It looks like something from the movie "Avatar": ocean waters that light up like neon glow sticks when they splash. Beaches across southern California have recently been alight with eerie, glowing waves. What could be causing such an otherworldly phenomenon?
A recent report by Discovery News has provided an answer. According to marine biologist Jorge Ribas, the glowing is caused by a massive red tide, or algae bloom, of bioluminescent phytoplankton called Lingulodinium polyedrum. The microorganisms emit light in response to stress, such as when a wave crashes into the shore, a surfboard slashes through the surf, or a kayaker's paddle splashes the water. The result is a wickedly cool glowing ocean.
The phenomenon has been observed on a semi-regular basis since at least 1901 along the beaches around San Diego, Calif. By day the algal blooms give the water a soupy red coloration, which is why they're often referred to as a red tide. But unlike some forms of red tide that can be toxic to people and marine life, the glowing blooms occurring in San Diego waters are reportedly harmless.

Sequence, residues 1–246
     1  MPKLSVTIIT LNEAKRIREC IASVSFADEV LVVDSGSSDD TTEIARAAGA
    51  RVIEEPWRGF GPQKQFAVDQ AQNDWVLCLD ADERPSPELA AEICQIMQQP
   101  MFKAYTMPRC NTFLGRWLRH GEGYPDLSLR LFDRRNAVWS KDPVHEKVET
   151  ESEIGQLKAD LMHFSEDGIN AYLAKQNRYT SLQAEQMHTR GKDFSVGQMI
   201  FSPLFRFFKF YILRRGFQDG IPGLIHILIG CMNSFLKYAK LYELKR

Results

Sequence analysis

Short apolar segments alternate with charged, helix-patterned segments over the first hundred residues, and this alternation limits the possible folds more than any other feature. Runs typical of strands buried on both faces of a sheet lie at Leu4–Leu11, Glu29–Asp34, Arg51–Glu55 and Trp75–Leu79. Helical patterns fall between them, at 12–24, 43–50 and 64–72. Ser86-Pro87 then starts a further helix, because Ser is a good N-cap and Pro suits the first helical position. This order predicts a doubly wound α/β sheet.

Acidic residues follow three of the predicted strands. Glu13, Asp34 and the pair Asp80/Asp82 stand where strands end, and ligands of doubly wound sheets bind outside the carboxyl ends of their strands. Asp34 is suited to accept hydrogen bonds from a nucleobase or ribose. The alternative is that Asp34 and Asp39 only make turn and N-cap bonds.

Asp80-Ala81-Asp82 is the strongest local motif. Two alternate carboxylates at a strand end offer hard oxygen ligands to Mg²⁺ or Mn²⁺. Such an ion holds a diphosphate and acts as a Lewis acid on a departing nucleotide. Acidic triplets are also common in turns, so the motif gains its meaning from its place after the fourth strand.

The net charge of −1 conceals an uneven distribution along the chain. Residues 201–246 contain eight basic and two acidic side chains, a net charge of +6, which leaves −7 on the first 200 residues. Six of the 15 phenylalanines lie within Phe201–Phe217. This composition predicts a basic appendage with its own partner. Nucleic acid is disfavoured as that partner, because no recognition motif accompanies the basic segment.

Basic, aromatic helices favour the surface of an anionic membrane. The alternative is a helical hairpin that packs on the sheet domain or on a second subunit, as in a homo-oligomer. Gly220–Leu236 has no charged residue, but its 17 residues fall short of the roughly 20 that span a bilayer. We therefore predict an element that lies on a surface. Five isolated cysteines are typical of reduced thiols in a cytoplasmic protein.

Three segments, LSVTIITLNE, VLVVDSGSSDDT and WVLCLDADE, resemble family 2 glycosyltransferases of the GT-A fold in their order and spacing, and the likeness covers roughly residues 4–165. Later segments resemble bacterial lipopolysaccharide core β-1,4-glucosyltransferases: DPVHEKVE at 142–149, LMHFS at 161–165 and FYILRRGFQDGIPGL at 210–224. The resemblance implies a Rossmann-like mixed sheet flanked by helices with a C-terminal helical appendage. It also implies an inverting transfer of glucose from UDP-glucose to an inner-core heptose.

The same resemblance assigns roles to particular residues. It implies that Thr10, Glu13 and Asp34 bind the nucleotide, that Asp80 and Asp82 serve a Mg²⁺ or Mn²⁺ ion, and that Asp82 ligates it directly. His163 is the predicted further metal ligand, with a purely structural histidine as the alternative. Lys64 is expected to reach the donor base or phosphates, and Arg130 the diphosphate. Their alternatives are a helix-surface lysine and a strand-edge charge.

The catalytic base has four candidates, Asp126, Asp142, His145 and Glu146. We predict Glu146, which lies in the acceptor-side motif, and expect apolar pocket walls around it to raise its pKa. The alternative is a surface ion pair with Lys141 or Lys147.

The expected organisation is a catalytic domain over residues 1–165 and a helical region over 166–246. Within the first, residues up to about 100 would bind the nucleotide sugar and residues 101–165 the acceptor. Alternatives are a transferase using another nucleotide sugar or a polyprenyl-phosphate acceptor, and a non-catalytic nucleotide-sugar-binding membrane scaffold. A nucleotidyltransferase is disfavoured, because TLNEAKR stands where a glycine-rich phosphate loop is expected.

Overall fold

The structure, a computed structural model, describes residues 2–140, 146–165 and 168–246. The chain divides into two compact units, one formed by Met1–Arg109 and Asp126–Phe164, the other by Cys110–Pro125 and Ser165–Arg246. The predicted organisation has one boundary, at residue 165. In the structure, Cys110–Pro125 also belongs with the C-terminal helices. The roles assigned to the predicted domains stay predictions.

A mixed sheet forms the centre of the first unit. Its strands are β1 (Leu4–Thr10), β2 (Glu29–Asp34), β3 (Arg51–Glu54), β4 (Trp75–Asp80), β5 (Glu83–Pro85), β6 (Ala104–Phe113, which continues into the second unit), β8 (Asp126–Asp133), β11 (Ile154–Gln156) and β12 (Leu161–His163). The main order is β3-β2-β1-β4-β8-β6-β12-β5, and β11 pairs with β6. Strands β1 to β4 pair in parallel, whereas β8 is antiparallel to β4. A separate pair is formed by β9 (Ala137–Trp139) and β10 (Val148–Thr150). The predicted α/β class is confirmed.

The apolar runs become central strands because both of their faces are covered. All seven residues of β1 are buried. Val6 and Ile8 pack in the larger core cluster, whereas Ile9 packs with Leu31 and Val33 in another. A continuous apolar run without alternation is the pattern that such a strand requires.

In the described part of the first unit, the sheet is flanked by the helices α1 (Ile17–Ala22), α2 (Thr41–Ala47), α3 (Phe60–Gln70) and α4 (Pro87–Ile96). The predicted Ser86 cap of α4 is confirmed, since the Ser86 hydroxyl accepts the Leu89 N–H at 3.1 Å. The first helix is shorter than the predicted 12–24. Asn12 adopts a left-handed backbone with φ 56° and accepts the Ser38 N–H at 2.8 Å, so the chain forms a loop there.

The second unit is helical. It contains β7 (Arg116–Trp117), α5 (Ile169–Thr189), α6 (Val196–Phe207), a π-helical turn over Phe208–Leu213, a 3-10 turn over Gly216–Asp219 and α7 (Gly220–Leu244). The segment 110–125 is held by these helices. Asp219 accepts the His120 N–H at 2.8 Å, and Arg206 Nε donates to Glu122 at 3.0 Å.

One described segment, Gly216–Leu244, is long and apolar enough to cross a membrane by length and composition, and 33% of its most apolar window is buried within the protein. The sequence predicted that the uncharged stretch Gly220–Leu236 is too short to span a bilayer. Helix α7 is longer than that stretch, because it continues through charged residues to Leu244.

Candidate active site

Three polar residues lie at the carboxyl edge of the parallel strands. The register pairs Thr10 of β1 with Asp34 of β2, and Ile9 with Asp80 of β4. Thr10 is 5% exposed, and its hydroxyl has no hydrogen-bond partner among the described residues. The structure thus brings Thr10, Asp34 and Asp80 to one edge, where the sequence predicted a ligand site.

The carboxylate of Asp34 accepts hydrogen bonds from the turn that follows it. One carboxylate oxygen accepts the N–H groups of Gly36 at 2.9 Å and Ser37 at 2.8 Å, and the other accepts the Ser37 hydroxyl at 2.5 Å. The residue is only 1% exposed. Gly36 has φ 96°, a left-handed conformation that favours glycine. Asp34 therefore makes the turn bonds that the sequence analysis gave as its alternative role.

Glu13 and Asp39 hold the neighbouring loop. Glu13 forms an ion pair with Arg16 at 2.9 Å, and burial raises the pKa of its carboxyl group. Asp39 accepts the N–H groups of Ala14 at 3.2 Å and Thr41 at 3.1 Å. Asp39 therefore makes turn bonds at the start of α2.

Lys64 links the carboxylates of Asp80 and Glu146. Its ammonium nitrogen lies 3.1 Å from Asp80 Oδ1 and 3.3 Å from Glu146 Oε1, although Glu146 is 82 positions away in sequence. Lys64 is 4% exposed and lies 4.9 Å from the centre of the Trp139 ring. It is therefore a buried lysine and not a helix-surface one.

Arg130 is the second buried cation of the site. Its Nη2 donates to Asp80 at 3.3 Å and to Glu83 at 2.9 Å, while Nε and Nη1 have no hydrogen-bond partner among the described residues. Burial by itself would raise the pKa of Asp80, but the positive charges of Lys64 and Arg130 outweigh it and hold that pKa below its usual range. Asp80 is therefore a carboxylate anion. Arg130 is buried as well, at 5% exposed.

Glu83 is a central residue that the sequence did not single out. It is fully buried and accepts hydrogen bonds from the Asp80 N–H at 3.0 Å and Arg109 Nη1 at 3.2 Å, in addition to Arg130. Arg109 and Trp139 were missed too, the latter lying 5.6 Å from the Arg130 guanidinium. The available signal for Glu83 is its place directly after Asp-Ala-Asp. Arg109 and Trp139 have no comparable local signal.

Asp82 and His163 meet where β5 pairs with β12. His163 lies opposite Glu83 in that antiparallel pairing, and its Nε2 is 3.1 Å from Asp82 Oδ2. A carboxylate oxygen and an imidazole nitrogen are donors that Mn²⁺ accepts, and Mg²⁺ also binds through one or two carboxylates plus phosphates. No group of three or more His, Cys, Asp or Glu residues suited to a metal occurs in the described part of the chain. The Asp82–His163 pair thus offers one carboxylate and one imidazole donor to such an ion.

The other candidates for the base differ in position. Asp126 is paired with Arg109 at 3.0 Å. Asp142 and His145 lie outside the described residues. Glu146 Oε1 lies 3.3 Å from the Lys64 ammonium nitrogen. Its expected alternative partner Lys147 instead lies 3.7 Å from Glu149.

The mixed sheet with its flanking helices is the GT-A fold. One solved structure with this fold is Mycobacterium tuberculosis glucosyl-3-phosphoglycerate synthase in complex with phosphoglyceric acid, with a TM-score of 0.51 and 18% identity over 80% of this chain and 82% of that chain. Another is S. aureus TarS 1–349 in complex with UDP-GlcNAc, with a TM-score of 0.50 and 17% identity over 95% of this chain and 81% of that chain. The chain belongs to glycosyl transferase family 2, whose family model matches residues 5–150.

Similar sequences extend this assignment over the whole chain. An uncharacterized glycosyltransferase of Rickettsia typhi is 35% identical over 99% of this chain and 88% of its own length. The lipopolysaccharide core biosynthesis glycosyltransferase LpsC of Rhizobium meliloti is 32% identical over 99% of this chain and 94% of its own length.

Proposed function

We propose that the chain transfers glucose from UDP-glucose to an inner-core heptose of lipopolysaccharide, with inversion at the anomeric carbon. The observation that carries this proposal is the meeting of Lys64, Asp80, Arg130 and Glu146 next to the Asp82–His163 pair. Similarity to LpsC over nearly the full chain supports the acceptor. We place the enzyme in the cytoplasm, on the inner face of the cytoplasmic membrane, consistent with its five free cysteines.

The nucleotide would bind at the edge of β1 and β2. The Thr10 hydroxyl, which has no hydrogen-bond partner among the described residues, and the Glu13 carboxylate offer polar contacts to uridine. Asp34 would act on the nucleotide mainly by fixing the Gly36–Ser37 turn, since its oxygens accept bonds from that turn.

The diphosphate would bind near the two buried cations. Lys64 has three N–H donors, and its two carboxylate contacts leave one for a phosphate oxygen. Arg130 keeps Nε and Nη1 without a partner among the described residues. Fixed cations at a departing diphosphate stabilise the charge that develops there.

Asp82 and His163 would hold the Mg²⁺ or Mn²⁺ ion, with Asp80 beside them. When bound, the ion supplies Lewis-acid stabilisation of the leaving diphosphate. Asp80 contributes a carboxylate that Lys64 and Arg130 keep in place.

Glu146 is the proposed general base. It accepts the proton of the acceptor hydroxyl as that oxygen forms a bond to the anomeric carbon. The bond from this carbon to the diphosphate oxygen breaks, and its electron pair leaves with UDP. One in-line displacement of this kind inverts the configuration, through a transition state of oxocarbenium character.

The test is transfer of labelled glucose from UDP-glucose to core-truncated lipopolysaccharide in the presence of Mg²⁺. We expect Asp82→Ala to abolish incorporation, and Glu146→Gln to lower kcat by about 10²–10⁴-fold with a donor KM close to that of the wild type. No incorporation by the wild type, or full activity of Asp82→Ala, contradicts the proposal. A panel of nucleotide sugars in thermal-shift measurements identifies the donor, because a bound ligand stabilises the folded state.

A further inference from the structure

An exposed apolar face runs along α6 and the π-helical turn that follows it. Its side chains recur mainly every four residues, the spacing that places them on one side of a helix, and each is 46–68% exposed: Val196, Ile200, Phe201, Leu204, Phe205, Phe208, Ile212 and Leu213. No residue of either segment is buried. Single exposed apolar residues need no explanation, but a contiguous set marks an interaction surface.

For surfers who don't mind catching a wave in water teeming with a sludge of microorganisms, the glowing ocean offers the chance of a lifetime. Night swimmers also often delight in the opportunity to lounge in a bioluminescent sea. The organisms can also be present in wet beach sand, so even beach walkers can watch as the ground sparkles with every footstep.
Several videos posted on YouTube show the majestic effects of the phenomenon. Watch below as a surfer sets a wave aflame and a kayaker dazzles through calmer waters while the coastal city lights shine in the background.